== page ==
I always struggle to get the true essence of the incidental parameter problem. I read in several occasions that the fixed effects estimators of nonlinear panel data models can be severely biased because of the "well-known" incidental parameter problem.

When I ask for a clear explanation of this problem the typical answer is: Assume that the panel data has N individuals over T time periods. If T is fixed, as N grows the covariate estimates become biased. This occurs because the number of nuisance parameters grow quickly as N increases.

I would greatly appreciate

  • a more precise but still simple explanation (if possible)
  • and/or a concrete example that I can work out with R or Stata.
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    $\begingroup$ This does not suffice for an answer. The incidental parameters problem can occur in non-linear models which, unlike linear regression, do not have the property of being unbiased estimators. A popular example is probit/logit. These models are consistent estimators, meaning that as the ratio of the number of observations to number of parameters increases, the parameter estimates will converge onto their true values as standard errors become arbitrarily small. The problem with fixed effects is that the number of parameters grows with the number of observations. $\endgroup$ – Zachary Blumenfeld Dec 10 '15 at 8:08
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    $\begingroup$ Therefore, the parameter estimates can never converge to their true value as the sample size increases. Thus the parameter estimates are severely unreliable. $\endgroup$ – Zachary Blumenfeld Dec 10 '15 at 8:08
  • $\begingroup$ Thanks for this clarification. I guess I now better understand the problem. So, e.g., if my panel is T=8 and N=2000, I can add T-fixed effects in a probit/logit estimation and get reliable estimates. Otherwise, with N-fixed effects, I would get unreliable ones. Is this correct? $\endgroup$ – emeryville Dec 10 '15 at 19:29
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    $\begingroup$ Here is a Blog entries illustrates the incidental parameter problem for logit and probit with an example in R: econometricsbysimulation.com/2013/12/… $\endgroup$ – Arne Jonas Warnke Dec 11 '15 at 14:12
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    $\begingroup$ I just answered a related question on Stack Overflow where I give concrete examples in R and Stata code. $\endgroup$ – jay.sf Dec 19 '20 at 8:37

In FE models of the type $$y_{it} = \alpha_i + \beta X_{it} + u_{it}$$ $\alpha$ is the incidental parameter, because theoretically speaking, it is of a secondary importance. Usually, $\beta$ is the important parameter, statistically speaking. But in essence, $\alpha$ is important because it provides useful information on the individual intercept.

Most of the panels are short, i.e., T is relatively small. In order to illustrate the incidental parameter problem I will disregard $\beta$ for simplicity. So the model is now: $$y_{it} = \alpha_i + u_{it} \quad \quad u_{it}\sim iiN(0,\sigma^2)$$ So by using deviations from means method we have $\hat{u}_{it} = y_{it}-\bar{y}_i$ - and that's how we can get $\alpha$. Lets have a look on the estimate for $\sigma^2$: $$\hat{\sigma}^2 = \frac{1}{NT}\sum_i\sum_t (y_{it}-\bar{y}_i)^2 = \sigma^2\frac{\chi_{N(T-1)}^2}{NT} = \sigma^2\frac{N(T-1)}{NT} = \sigma^2\frac{T-1}{T}$$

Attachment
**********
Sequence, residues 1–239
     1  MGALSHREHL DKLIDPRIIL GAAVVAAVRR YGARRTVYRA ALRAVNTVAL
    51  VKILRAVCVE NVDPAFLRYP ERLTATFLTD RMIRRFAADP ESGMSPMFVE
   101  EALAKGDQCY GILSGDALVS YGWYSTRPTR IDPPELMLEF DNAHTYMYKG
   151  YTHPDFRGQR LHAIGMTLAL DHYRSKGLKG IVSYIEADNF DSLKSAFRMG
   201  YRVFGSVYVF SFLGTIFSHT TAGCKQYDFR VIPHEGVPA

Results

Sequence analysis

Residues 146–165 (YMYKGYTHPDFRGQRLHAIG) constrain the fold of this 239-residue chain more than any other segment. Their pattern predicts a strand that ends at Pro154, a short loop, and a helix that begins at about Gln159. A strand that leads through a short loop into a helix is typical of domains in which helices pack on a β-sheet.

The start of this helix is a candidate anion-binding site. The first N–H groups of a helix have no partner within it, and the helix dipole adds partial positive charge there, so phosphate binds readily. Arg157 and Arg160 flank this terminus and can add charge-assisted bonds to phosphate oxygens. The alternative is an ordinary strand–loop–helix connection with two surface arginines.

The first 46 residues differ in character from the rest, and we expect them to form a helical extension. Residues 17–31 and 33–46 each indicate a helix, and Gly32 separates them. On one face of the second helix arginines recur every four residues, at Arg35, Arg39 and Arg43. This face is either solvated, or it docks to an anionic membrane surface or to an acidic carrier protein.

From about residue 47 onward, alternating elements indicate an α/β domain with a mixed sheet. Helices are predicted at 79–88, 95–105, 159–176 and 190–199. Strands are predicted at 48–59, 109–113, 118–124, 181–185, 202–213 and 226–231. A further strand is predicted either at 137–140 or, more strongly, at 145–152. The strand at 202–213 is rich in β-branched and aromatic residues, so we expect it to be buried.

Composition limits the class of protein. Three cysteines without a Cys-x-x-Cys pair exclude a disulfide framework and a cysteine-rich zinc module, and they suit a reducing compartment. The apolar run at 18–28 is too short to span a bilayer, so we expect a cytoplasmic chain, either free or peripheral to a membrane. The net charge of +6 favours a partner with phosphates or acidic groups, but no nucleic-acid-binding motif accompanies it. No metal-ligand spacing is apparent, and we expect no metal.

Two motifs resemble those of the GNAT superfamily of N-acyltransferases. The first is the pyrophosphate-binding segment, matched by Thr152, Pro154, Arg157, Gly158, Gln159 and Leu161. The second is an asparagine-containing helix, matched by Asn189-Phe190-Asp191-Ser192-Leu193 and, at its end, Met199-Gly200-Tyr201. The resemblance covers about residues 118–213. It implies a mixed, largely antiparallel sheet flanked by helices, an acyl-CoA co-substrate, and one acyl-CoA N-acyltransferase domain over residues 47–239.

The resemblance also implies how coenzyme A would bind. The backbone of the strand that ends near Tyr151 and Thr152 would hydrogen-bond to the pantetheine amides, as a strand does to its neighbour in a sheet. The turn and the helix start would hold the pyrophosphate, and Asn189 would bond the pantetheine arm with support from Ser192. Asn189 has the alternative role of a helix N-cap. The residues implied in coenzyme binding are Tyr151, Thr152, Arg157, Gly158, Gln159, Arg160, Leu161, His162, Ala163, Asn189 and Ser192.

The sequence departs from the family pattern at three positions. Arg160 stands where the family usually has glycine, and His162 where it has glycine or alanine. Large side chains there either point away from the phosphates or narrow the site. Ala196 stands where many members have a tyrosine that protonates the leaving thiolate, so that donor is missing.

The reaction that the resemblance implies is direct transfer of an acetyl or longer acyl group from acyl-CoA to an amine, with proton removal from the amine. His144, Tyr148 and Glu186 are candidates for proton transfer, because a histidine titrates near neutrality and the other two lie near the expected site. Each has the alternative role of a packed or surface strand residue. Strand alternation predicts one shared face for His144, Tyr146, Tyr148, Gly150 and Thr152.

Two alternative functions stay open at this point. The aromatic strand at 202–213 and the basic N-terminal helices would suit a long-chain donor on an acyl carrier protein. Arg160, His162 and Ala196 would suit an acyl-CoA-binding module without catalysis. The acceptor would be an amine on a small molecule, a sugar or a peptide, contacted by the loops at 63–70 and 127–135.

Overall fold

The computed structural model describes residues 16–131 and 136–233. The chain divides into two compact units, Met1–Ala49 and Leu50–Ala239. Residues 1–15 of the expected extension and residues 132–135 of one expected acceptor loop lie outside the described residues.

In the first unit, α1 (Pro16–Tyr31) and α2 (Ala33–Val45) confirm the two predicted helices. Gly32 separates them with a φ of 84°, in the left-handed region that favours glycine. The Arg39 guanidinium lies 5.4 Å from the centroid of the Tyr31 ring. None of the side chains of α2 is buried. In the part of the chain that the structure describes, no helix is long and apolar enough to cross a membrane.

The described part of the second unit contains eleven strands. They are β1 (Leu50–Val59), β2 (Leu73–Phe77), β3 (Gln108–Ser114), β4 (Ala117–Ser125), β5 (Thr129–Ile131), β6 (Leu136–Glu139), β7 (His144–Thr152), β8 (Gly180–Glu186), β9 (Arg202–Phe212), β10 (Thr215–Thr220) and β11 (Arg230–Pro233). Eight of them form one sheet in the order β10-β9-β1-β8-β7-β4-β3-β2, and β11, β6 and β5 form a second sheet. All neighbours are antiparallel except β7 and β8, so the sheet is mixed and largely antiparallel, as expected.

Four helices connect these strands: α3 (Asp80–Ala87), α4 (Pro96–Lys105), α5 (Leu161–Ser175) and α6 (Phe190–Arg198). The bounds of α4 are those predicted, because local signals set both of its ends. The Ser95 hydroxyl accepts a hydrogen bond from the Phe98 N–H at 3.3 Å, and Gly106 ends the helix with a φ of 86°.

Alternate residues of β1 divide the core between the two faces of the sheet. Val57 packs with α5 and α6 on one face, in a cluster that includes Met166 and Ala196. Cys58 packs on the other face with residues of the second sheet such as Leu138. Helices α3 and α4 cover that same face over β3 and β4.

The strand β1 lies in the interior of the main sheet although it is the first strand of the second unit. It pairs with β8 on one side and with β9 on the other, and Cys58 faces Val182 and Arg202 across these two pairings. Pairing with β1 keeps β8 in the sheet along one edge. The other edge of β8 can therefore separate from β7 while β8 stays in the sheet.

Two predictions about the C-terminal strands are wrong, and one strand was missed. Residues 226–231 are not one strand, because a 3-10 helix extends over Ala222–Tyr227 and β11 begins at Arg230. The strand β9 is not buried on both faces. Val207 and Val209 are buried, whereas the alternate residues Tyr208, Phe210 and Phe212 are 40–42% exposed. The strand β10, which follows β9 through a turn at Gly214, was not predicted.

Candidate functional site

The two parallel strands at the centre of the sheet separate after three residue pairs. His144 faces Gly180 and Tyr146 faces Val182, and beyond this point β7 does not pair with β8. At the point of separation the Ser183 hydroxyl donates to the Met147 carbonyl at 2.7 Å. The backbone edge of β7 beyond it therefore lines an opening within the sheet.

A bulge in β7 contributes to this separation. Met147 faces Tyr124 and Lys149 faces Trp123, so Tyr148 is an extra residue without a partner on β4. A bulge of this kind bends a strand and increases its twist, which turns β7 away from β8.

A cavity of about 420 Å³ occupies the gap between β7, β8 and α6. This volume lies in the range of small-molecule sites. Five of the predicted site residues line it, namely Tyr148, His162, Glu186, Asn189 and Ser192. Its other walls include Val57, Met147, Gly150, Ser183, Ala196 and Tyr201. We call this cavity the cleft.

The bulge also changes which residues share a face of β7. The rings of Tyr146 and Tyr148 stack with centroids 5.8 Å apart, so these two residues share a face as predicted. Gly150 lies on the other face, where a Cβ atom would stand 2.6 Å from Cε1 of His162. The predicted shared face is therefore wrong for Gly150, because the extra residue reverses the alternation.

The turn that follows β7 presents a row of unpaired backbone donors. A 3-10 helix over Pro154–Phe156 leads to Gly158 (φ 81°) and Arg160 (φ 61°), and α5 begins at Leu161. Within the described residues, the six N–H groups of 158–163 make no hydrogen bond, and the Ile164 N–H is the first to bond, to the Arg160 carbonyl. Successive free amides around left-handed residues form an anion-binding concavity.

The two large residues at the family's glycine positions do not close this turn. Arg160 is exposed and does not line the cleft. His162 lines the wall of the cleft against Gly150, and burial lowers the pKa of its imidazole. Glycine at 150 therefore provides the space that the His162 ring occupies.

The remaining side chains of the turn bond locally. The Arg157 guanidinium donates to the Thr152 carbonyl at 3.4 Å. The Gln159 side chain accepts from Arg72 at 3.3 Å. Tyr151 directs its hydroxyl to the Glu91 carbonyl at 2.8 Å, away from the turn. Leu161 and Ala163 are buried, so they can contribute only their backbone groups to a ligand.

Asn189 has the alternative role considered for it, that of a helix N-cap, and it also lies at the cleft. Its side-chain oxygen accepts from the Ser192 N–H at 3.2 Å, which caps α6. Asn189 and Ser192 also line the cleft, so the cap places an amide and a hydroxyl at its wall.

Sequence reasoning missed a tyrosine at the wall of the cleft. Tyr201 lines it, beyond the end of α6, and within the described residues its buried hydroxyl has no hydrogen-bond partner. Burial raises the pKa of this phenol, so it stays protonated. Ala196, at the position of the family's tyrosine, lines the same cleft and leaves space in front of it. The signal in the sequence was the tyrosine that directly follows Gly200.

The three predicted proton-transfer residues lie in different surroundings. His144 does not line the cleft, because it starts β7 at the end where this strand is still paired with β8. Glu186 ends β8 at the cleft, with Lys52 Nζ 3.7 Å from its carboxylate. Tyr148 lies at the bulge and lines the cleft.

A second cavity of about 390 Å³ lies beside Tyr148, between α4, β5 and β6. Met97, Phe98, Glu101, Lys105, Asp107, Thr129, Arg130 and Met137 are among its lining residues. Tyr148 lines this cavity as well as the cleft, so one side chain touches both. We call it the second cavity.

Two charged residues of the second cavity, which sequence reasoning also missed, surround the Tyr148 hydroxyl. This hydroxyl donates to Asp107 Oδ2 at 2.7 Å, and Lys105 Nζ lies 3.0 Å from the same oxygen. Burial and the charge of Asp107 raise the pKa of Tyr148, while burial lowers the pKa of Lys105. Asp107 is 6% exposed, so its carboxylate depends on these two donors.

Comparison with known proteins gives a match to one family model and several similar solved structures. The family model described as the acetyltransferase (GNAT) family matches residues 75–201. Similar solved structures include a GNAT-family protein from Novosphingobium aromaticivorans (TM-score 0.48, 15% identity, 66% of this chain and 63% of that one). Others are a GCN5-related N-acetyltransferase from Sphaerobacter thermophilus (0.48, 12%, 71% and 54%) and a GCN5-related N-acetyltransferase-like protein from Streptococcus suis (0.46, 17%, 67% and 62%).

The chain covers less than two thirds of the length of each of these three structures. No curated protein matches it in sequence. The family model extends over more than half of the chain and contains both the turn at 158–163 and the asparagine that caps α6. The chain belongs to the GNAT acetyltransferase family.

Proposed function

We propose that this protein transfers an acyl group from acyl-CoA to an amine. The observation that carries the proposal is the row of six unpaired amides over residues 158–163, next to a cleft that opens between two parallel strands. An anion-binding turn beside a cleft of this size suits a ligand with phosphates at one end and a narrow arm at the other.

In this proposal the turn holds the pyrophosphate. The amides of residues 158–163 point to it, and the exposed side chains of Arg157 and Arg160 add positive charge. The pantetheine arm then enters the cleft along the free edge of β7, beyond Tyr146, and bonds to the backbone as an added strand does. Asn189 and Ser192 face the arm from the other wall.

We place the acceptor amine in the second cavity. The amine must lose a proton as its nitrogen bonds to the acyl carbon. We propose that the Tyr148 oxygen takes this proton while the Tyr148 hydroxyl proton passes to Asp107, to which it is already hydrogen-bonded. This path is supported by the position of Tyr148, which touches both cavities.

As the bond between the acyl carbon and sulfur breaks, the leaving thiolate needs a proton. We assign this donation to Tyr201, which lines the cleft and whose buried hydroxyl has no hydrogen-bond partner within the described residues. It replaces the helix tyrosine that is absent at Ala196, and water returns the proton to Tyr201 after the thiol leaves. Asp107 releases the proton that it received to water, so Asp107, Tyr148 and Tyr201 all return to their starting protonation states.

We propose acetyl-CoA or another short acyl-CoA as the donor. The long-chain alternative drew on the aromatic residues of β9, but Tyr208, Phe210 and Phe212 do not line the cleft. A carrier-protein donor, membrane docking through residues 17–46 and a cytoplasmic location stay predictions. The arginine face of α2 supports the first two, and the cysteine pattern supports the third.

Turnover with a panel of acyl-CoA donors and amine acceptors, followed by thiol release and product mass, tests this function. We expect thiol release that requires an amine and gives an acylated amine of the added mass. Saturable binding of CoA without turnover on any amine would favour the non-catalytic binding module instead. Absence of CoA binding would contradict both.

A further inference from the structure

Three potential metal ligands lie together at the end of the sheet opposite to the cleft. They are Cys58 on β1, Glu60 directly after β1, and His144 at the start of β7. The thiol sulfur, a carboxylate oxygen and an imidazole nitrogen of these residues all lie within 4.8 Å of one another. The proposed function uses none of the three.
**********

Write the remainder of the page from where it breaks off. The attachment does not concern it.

You can see that if T is "large" then the term $\frac{T-1}{T}$ disappears, BUT, if T is small (which is the case in most of the panels) then the estimate of $\sigma^2$ will be inconsistent. This makes the FE estimator to be inconsistent.

The reason $\beta$ is usually consistent because usually N is indeed sufficiently large and therefore has the desired asymptotic requirements.

Note that in spatial panels for example, the situation is opposite - T is usually considered large enough, but N is fixed. So the asymptotics comes from T. Therefore in spatial panels you need a large T!

Hope it helps somehow.

  • $\begingroup$ Could you elaborate a bit more, how $\frac{1}{NT}\sum_i\sum_t (y_{it}-\bar{y}_i)^2$, turned into $\sigma^2\frac{\chi_{N(T-1)}^2}{NT}$? $\endgroup$ – Mario GS Nov 29 '18 at 15:45
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    $\begingroup$ @Mario GS: The sum of squared normal random variables is chi square distributed $\endgroup$ – Corel Nov 29 '18 at 19:32
  • $\begingroup$ FYI, the third equality has a random variable on one side and its expectation on the other. I do like this because it's less messy to look at than the corresponding correct statement, but readers must understand that you're ultimately computing the expected value. $\endgroup$ – eric_kernfeld May 1 '20 at 22:52
  • $\begingroup$ What happens if you include a single global mean parameter $\beta$ in this model? (As if in your initial statement $y_{it} = \beta X_{it} + u_{it}$ $X_it=1$ for all $i$, $t$.) You would probably estimate it as the mean of the $\alpha_i$'s, and the standard error would be estimated as $\frac{\hat \sigma}{\sqrt {NT}}$, right? $\endgroup$ – eric_kernfeld May 1 '20 at 23:07

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